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According to my instructor’s grades and comments, I did fairly well on my first essay titled, “The Definition of Service.” However, there is always room to improve in the world of writing. By digesting feedback from my professor, and taking time for self reflection on my assignments, I have created a plan to improve upon my future writing assignments.
In my feedback, I had several of my strengths pointed out. One of these strengths was my ability to really convey through words some solid examples of what I thought about my chosen word, “service.
” I was able to do this by illustrating specific examples of how I have given service in my life, and highlighting two main organizations whose founders embody the spirit of service. Another strength that was mentioned was the way in which I reflected on the “meaning and significance” of the word I chose to define as my conclusion to the essay. By doing so, I believe one can really string together all of the different moving parts of an essay into one final thought that really summarizes what the topic was all about.
In addition to my strengths, a few areas of improvement were pointed out to me as well. One area in which I could improve would be to use more “emotional and physical descriptions” to capture the reader. This is important because we as writers may care a great deal about our topic, but we need to be able to show – not tell – the reader why they should care too.
If we are not descriptive in our writing, the reader may become bored by our piece and not bother to read past the first paragraph or two. One way that I could make my writing more vibrant for the reader would be to access a thesaurus to change more ordinary words into descriptive, eye-catching words. For example, instead of saying something like, “The girl was always very happy and upbeat,” we could say, “Sharon had a very effervescent personality.”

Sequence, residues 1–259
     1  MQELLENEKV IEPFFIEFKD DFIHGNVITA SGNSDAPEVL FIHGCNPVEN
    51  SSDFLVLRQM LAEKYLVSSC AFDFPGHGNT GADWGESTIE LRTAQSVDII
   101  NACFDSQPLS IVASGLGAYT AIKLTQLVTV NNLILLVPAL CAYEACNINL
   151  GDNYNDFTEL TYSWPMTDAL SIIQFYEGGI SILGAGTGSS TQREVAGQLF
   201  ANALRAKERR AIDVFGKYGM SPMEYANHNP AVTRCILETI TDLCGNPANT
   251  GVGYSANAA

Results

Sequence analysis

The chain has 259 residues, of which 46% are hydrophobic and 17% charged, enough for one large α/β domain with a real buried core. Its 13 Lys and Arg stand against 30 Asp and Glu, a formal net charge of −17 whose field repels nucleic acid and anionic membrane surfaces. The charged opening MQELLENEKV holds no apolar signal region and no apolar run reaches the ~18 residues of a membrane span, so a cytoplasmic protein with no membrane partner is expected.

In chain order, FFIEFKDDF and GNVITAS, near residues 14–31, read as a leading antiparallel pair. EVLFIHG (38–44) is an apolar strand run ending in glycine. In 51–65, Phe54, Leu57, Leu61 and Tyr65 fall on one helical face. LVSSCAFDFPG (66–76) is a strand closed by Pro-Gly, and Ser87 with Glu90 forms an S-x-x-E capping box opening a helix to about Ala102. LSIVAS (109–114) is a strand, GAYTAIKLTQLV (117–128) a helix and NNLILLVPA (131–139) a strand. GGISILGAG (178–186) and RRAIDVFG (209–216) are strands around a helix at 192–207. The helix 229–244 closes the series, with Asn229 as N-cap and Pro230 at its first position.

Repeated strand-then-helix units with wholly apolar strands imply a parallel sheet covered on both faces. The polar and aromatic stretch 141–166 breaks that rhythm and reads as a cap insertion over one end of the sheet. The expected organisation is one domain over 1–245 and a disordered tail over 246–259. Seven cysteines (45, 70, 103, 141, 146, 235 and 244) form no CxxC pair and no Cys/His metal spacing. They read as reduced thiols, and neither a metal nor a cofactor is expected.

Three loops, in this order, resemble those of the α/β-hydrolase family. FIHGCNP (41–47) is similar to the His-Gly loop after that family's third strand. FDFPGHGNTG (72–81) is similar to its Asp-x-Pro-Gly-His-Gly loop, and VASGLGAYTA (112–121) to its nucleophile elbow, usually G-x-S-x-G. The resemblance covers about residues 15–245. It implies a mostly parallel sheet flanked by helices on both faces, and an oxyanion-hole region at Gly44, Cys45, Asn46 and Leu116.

One resource that I mentioned previously that could help me in my pursuit of more descriptive writing is a thesaurus. While I don’t actually own a hard copy of a thesaurus, with today’s development of technology, almost anything can be found digitally. Through my research, I located a website called Thesaurus.com, which is an online thesaurus that you can use by entering your word and getting suggestions on a better, more descriptive synonym to use. I have been practicing with this tool by typing in words that I notice I use commonly in my writing, as well as my every day life. I then try to pick a more exciting synonym to use, and I practice using that in my vocabulary each day.
Another resource I found was through the Purdue Online Writing Lab’s website (https://owl.english.purdue.edu/owl/resource/685/03/). They have an excellent article about what descriptive essays are, as well as a simple, to-the-point breakdown of how to be more descriptive in the writing process. I especially will use their bullet about choosing vivid language, as emphasizing words really draw a reader in and may even cause the reader who looks up an unknown word to have an educational experience of their own. I am trying to read more, and look up a word if I don’t know it instead of just skipping over it and continuing on. By doing so, I am able to broaden my vocabulary, which in turn will come through in my writing.
Another area of improvement mentioned is allowing my words to signal a conclusion to the essay without outwardly saying so. This is tricky for me, because I have not been out of high school that long and in high school, we always had certain skills drilled into us, such as using “in conclusion” to signal the final paragraph of an essay. I have done this in all of my essays for every class since then, so it will be a hard habit to break. This requires creativity in creating a conclusion that speaks for itself.